What: All Issues : Environment : Renewable Energy : (S. 782) On a motion to end debate on an amendment that would have eliminated federal subsidies for ethanol-based gasoline (2011 senate Roll Call 89)
 Who: All Members
[POW!]
 

To find out how your Members of Congress voted on this bill, use the form on the right.

(S. 782) On a motion to end debate on an amendment that would have eliminated federal subsidies for ethanol-based gasoline
senate Roll Call 89     Jun 14, 2011
Progressive Position:
Nay
Progressive Result:
Win

This was a vote on a motion to end debate (known as a “cloture motion”) on an amendment by Sen. Tom Coburn (R-OK) that would have eliminated federal subsidies for ethanol-based gasoline. (At least 60 senators must vote in favor of a cloture motion in order for it to pass.)

Cloture motions, however, are generally the exclusive prerogative of the senate majority leader. In a highly unusual move, Coburn had had filed cloture on his amendment. Both supporters and opponents of ethanol subsides were caught off guard by Coburn’s actions. Some senators who supported his amendment—most notably Sen. Dianne Feinstein (D-CA)--voted against the motion to end debate because they objected to the process by which Coburn forced a vote on his proposal. Politico’s Darren Goode reported: “Feinstein tried to get Coburn to withdraw his amendment shortly before the vote, noting objections by Democratic leaders over the process by which he secured Tuesday’s vote. ‘There are real concerns about the process used to bring this amendment to the floor, and I think that has created some, unfortunately, very bad feelings which even are enough to affect people’s votes,’ Feinstein said.”

Coburn urged senators to vote to shut off debate on his amendment, and argued that Senate rules allowed any senator to file a cloture motion: “…The reason this amendment ended up the way it is, is because we don't have an open amendment process in the Senate anymore….There is no usurpation of the power of the majority leader. He gets to set what bills are on the floor. Every senator has the right to file cloture on their amendments--every senator. They also have every right to offer amendments. We would not be in this position if we did not have a closed amendment process instead of an open amendment process….I think the American people deserve to have us take this $3 billion out of the hands of the large oil companies now, not to the benefit of any American except to their detriment and their children.”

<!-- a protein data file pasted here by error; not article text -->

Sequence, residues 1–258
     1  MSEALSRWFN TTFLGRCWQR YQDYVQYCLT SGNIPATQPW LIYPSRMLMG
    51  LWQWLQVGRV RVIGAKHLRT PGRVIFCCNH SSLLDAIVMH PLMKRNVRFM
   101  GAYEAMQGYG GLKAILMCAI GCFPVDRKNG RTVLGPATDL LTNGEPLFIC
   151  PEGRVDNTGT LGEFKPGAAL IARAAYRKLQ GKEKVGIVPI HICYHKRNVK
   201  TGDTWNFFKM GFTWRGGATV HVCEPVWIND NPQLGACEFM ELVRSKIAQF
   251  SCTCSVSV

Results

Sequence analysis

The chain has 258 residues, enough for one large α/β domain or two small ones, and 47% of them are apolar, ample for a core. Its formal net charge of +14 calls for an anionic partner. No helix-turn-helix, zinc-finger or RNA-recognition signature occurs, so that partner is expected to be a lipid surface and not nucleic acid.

Some senators opposed Coburn’s amendment on substantive grounds. Sen. Amy Klobochar (D-MN) argued: “There is going to be a change with biofuels in this country. We are going to see a phasing out of the support for biofuels in terms of federal policy. But the time to do it is not in the middle of the year after 7 years of federal support with 5 days' notice.…I would remind my colleagues that this [ethanol] is now 10 percent of our fuel supply. There have been studies done that show the price of gasoline would escalate up to $1 more a gallon if the rug were suddenly pulled out from under this industry.”
  
The Senate rejected this motion to end debate on Coburn’s amendment by a vote of 40-59. Voting “yea” were 34 Republicans and 6 Democrats. 46 Democrats and 13 Republicans voted “nay.” As a result, the Senate rejected a motion to end debate on an amendment that would have eliminated federal subsidies for ethanol-based gasoline. The Senate was expected, however, to hold another vote on eliminating ethanol subsidies within two weeks. According to Politico, Sen. Majority Leader Harry Reid (D-NV) had indicated that the Senate would “hold an ethanol vote by June 24 [2011] as part of a deal with Sen. Dianne Feinstein (D-Calif.), who had initially co-sponsored Coburn’s amendment.”


Issue Areas:

Find your Member of
Congress' votes

Select by Name